The brilliant white bulbs blanketing the "Tommy Tree" towering above this Mount Prospect block will light in stages tonight to make sure the surge doesn't blow a fuse. The outpouring of love in this neighborhood doesn't have such worries. It's shining full blast all year long.
"It's like Norman Rockwell out there," says Rosemary Hinkemeyer. She is talking about tonight's annual block party that starts around the "Tommy Tree" and includes Christmas carols and food.
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But considering she and her husband, Larry, have lived on the block since 1967, Hinkemeyer could be referencing the wholesome American neighborhood scenes that also spring up on Fourth of July, at the annual cookie exchange, the poetry readings and whenever the neighbors on this 200 block of South Pine Street need each other.
Sprouted from tragedy, the "Tommy Tree" has grown into a symbol of just how tight these neighbors have become. The tree wouldn't exist without the neighbors. A plaque, which was brought inside years ago when the tree grew over it, reads, "The 'Tommy Tree' in memory of Tommy McGovern, Jan. 26, 1975-Dec. 1, 1991, with love, from the Pine St. neighbors, 5-7-92."
Grieving parents, Tom and Renae McGovern, and Tommy's younger sister, Megan, used a collection from their neighbors to pay a nursery $208.13 to plant the small pine tree in their front yard on the parents' 20th wedding anniversary, five months after Tommy's death. Since Tommy liked the Bill Cosby cartoon featuring "Fat Albert," the family thought it fitting to plant a squatty, 3-foot-tall "Fat Albert" spruce in the front yard of their home at the corner of Pine Street and Evergreen Avenue. Rev. Charles T. Rubey, a Catholic priest and family friend, said a few words on that spring day as dozens of neighbors gathered around the tree.
"This block is very tight. They were most gracious and kind to us in our grief," Renae McGovern says.
"The morning it happened, there was just a crowd of them around our house," recalls Tom McGovern. "They didn't ring the doorbell. They just kind of came in and took over."
The neighborhood already had that communal spirit when the McGoverns moved onto the block in 1976.
"When I moved in, I was the young man," says Tom McGovern, who is now 79. He remembers characters such as "Old Alice," who would enjoy her cigarette and coffee as she sat on her porch and watched over the neighborhood.
"Now, we're the porch-sitters," says Roberta Edmonson, who moved onto the block in 1976. She chuckles and gets a table full of neighbors laughing as she retells the story about the time her family went on vacation, left their gerbils with the McGovern kids, and the pets somehow got loose and chewed a hole through Tommy's raincoat. Everyone knows all the kids on the block.
"He (Tommy) came and shoveled my drive one day," remembers Carol Tortorello, who moved onto the block in 1961. "He did it without being asked."
A junior at Prospect High School, the 6-foot-4 boy with the gentle disposition was on the wrestling team for a bit. His father remembers how touching it was when a senior teammate slipped his wrestling letter into Tommy's casket.
For the first decade after Tommy's death, the McGoverns decorated and lit the "Tommy Tree" at Christmastime. When it grew too tall to reach without a cherry-picker, the neighbors began another tradition, with each house on both sides of the street displaying luminarias and a lit Christmas tree in their yard. Everyone celebrates Christmas, and many are members of the St. Raymond Catholic Church community.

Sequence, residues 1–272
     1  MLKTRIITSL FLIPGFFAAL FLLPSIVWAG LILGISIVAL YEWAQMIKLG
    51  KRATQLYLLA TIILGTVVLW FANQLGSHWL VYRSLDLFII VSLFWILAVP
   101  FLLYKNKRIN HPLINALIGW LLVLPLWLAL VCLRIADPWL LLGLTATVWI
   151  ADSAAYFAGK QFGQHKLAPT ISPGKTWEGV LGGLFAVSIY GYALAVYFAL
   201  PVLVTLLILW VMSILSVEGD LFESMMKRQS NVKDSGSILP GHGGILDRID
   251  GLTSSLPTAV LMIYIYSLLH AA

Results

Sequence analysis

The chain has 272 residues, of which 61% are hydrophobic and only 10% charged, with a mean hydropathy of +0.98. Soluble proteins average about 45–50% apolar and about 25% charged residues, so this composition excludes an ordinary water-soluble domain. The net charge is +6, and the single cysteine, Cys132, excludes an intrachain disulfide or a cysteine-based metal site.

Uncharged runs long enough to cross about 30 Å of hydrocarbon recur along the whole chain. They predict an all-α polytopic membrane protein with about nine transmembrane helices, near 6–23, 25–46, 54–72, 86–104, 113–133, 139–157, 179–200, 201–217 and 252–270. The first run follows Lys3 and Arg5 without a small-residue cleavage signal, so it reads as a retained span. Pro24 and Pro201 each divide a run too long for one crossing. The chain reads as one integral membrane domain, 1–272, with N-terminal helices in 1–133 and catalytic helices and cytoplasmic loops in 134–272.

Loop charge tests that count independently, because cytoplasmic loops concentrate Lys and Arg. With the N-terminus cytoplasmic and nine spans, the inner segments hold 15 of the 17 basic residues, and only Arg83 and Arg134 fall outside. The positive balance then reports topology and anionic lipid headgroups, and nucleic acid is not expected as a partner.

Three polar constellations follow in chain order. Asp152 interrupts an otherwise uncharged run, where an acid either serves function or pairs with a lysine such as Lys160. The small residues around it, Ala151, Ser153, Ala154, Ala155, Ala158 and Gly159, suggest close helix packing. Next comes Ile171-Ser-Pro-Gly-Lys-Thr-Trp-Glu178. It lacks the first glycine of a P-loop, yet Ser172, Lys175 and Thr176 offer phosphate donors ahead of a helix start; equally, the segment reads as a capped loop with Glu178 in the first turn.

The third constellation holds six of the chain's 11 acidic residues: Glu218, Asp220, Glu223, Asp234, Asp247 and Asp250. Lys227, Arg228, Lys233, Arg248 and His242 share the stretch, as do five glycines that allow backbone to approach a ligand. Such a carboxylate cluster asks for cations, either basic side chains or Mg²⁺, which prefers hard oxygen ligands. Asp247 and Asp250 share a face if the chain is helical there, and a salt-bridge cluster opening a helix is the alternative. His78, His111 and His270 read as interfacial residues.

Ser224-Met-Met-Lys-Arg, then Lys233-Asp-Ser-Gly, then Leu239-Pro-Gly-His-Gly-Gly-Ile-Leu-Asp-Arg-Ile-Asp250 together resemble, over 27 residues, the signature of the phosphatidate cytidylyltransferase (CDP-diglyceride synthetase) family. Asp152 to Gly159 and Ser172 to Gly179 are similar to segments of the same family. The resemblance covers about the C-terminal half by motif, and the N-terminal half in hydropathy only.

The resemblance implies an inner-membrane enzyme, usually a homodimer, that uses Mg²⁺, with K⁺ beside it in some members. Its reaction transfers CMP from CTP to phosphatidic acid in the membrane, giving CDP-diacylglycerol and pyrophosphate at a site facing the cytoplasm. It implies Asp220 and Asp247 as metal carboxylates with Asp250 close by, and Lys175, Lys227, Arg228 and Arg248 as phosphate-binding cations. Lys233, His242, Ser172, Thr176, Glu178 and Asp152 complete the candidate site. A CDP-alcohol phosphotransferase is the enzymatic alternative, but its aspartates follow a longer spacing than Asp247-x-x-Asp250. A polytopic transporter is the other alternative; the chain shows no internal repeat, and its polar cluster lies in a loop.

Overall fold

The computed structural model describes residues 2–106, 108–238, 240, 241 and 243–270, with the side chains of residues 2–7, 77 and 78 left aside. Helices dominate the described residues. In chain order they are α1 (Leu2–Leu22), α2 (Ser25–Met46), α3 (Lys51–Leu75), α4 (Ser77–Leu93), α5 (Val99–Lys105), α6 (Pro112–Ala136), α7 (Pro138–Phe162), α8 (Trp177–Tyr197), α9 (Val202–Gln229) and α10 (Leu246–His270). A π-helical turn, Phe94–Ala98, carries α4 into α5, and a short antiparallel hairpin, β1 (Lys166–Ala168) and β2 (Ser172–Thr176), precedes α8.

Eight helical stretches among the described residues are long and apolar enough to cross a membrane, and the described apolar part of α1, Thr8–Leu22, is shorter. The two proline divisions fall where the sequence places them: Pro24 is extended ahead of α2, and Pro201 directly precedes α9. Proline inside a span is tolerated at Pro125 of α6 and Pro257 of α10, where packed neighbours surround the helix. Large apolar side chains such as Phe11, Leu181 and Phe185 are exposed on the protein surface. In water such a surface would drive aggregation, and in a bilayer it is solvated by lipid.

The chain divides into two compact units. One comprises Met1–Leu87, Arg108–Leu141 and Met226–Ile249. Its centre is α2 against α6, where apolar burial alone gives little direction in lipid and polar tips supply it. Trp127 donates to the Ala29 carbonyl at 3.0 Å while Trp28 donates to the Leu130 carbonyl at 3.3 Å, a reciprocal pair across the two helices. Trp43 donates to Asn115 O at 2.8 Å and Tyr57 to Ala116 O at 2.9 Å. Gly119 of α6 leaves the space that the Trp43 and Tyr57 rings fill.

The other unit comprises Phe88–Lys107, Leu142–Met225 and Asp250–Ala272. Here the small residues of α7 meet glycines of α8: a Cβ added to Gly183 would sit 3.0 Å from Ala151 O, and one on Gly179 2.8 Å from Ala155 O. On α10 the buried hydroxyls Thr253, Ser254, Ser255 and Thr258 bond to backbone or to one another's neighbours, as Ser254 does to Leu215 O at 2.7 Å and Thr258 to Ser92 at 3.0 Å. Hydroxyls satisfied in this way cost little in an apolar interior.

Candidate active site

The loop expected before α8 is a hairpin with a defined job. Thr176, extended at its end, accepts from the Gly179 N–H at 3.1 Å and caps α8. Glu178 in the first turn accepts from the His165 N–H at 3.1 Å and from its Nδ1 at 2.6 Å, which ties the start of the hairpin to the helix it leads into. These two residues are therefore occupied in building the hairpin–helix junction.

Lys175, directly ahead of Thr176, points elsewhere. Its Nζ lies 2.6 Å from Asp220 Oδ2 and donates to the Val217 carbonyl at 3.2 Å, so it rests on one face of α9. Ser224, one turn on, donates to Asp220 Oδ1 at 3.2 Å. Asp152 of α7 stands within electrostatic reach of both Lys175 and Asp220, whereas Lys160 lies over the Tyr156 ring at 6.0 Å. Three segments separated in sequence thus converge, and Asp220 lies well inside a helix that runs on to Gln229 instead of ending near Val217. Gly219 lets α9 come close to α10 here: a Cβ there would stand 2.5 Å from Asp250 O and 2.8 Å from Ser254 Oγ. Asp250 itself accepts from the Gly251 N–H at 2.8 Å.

On Dec. 1, 2011, the McGoverns hired Care of Trees to light the "Tommy Tree," which now is taller than their two-story home.
"Tommy was just a boy when he died shortly before Christmas that dreadful year," his mother wrote in a letter inviting neighbors to share in the tree lighting on the 20th anniversary of her son's death. The lighting ceremony has become just another special neighborhood event. People pack shoulder-to-shoulder around the tree, as Lorelei McDermott, a cantor at St. Raymond who moved onto the block in 1989, leads the neighbors in singing Christmas carols. She sang at Tommy's funeral.
"We all take care of each other," says Sue Lello, who moved onto the block two years before McDermott.
When someone moves into the neighborhood, they are given a list, compiled by keeper Alison Burdick, which includes names, phone numbers, email addresses and birthdays of everyone of the block.
"We were handed this legacy," McDermott says, noting the neighborhood spirit has been passed from elders to parents to kids, some of whom move back as parents on their way to becoming elders.
"We're teaching them how to do it, how to be a block," Renae McGovern says. "Is this like Mayberry or what?"
In that classic TV show starring Andy Griffith, everybody knew and cared about their neighbors. Residents of the 200 block of South Pine Street note they even threw a retirement party for their letter carrier, "Fast Eddie," who didn't get to spend as much time on the block with the neighbors as he probably would have wanted.
"We're not just neighbors," Tom McGovern says. "We're friends."
When those friends gather tonight, the spirit of Tommy will be part of the celebration.
"When the lights are on, it is like Tommy is here," says Renae McGovern, who also knows what it is like at the end of the Christmas season, when the lights come down. "As sections go off, it's like he is saying goodbye."